The fossil-fuel industry has been revealed to have invested vast resources in lobbying EU institutions.
Greta Thunberg and her fellow school-strikers’ message is resonating across the world—a world that is ready to hear it. Young people and their allies are forcing those in power to face some uncomfortable truths about political inaction in the face of a climate emergency. But a powerful opposition stands in their way, and it is the job of adults to confront it.
Part of the reason climate action has been so weak is that the fossil-fuel lobby has been successful in twisting and delaying it. We must prevent this lobby putting its private interest in continuing to burn coal, gas and oil ahead of the public interest in a liveable planet. A new campaign plans to take on Europe’s fossil-fuel lobby.
Alexandria Ocasio-Cortez is the latest person to expose how the fossil-fuel industry has spent millions to deny and obfuscate the reality of global heating—despite knowing the truth that its businesses heat the planet and destroy communities. Simultaneously, it has relentlessly attacked efforts to regulate carbon emissions or put the world on a pathway of clean, renewable energy.
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The most well-known case is the United States, where oil barons such as the Koch brothers have funded candidates, parties and right-wing think tanks to influence politics. They have had good bang for their buck, with the Republican party (as well as some Democrats) almost entirely captured by the oil industry, Trump proudly proclaiming a US pull-out of the Paris agreement, and environmental and climate-change regulations gutted.
But the influence of big oil, gas and coal on politics is not confined to the US. With massive profits and a whole business model at stake, fossil-fuel companies are spending big to overwhelm the public interest. Since the 2015 agreement, the world’s five biggest publicly-traded oil and gas companies (three of them headquartered in Europe) have spent more than $1billion on misleading branding and lobbying.
In Brussels, the heart of European climate and energy decision-making, the oil majors and their army of lobby groups maintain a constant bombardment of decision-makers: meetings, advertisements, retreats and sponsored events, to ensure their voice is heard first and most. Our research has found that the big five and their fossil fuel-lobby groups employ 200 Brussels lobbyists, have spent €251 million on lobbying the EU since 2010 and met high level officials in the Juncker commission 327 times (according to their self-declared figures and those of the commission).
Much of this fossil-fuel influence is corporate capture in plain sight. In Brussels, one can’t walk into a metro, read EU media online or surf ‘social media’ without being bombarded by the messages of fossil-fuel companies. EU politicians appear at a continual stream of industry-sponsored events, where lobbyists shape the narrative on energy and climate and chat cosily with key decision-makers. In the UK, the government has even held a cabinet meeting in the offices of Shell. But there are also shadier tactics—climate-denying think tanks, for example, which refuse to declare the origin of their funding while authoring papers suggesting climate change is exaggerated.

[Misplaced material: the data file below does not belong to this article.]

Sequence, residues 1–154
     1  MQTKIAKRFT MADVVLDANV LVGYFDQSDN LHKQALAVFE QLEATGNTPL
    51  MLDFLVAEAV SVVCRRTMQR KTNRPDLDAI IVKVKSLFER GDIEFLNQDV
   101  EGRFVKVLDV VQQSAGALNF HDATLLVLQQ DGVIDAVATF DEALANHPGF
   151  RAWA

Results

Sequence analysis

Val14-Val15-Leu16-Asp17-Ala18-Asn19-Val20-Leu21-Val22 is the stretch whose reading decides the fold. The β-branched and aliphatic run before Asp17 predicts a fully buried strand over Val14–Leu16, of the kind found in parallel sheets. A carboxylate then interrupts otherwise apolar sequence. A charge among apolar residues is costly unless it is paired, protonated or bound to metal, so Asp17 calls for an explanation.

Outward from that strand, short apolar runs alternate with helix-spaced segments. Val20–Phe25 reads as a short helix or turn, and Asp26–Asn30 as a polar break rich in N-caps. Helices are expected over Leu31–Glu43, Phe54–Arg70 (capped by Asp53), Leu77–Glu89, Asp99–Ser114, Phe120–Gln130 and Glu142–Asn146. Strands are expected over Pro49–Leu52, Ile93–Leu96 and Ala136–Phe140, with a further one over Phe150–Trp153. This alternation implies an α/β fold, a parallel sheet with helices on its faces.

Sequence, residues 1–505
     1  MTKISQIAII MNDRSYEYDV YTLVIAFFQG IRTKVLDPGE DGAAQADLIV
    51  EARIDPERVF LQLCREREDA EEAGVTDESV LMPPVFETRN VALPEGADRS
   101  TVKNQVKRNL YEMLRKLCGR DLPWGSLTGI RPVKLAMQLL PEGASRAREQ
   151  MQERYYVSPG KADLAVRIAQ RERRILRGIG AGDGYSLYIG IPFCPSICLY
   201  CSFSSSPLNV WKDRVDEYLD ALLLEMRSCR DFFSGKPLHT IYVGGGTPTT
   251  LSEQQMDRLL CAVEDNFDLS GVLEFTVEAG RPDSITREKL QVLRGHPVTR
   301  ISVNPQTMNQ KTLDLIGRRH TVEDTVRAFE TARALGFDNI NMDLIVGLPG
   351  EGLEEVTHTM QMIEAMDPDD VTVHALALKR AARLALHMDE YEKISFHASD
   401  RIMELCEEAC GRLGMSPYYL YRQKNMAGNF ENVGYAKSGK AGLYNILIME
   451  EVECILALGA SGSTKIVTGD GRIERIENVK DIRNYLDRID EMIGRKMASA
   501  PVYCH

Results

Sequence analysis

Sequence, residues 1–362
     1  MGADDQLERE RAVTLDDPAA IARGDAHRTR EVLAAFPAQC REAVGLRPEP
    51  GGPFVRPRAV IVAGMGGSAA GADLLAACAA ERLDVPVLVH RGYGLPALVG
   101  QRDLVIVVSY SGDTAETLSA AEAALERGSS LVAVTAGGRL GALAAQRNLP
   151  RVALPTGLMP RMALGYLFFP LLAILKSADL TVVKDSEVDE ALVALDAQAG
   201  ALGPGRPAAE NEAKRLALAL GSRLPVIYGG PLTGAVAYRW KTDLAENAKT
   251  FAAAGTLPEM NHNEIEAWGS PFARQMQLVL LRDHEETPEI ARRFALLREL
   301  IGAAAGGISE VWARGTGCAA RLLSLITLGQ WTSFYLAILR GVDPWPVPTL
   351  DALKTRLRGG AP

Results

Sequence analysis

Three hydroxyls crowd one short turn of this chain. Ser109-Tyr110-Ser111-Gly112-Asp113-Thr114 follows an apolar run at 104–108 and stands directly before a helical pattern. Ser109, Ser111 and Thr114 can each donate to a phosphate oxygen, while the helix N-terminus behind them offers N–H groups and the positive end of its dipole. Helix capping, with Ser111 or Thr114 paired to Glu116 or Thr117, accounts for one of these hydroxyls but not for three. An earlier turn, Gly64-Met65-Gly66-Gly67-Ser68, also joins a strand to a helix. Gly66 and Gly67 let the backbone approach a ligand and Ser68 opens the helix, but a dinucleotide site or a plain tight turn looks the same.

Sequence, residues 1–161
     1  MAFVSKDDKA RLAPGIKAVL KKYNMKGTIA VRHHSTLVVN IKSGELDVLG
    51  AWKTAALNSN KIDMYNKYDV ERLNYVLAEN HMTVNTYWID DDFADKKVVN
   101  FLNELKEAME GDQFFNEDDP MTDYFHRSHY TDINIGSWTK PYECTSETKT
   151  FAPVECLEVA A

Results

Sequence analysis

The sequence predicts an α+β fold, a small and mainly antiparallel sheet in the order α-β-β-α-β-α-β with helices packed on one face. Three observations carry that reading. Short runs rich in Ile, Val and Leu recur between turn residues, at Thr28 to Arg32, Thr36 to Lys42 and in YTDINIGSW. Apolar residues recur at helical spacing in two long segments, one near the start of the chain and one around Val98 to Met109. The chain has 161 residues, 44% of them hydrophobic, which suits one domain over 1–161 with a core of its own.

There is a constant moulding of European climate, energy and even foreign policy, by those who have most to gain from slowing the transition. The result is the commission’s obsession with supporting new pipelines and infrastructure: 55 gas projects were announced on the outgoing commission’s final day. These it says are in the ‘common interest’, despite the evidence of the incompatibility of gas and our climate goals.
The result is climate goals that are far short of what’s needed to keep global warming below 1.5C and Europe’s fair share of action. The result is energy efficiency targets that are voluntary and ignored, with energy consumption growing rather than falling. The result is renewable-energy targets that barely stretch beyond the status quo trend.
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The influence is also evident in national capitals. In 2017 the then French environment minister, Nicolas Hulot, announced a bill ‘to put an end to hydrocarbons in France’ by phasing out the renewal of fossil-fuel exploitation permits. After extensive lobbying and threats from the private sector, the law was seriously weakened, such that it ended up allowing exploitation permits to be renewed after the 2040 deadline. When Hulot resigned a year later, he cited ‘the presence of lobby groups in the circles of power’.
Meanwhile, the planet has continued to heat, with already devastating consequences for people on every continent and the most vulnerable communities hit hardest.
It is time for the public interest to reassert itself, to ensure the vast majority of the fossil-fuel industry’s gas, oil and coal reserves stay in the ground. So now Friends of the Earth Europe has come together with a number of other organisations, to seek a politics free of the dangerous and overweening influence of fossil-fuel lobbyists on our climate policy. This is their ‘tobacco’ moment.
Almost 200 civil society groups have backed a call for ‘fossil-free politics’—seeking an end to the lobby’s endless access to decision-making, to conflicts of interest and revolving doors, to preferential treatment such as subsidies for fossil fuels and to ‘partnerships’ between governments and those polluting the planet. As with the tobacco industry before it, for our own health we must end the industry’s influence on public policy. There’s no other way to ensure climate policy serves people, not profit.